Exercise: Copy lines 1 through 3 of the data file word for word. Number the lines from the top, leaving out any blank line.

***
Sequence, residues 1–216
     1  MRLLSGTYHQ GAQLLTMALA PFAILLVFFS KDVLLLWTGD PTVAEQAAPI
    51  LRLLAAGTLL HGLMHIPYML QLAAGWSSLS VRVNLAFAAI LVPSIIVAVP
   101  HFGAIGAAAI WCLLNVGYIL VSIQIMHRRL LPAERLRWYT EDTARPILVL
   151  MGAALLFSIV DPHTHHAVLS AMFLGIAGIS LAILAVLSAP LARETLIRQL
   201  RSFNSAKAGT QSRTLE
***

Sequence, residues 1–216
     1  MRLLSGTYHQ GAQLLTMALA PFAILLVFFS KDVLLLWTGD PTVAEQAAPI
    51  LRLLAAGTLL HGLMHIPYML QLAAGWSSLS VRVNLAFAAI LVPSIIVAVP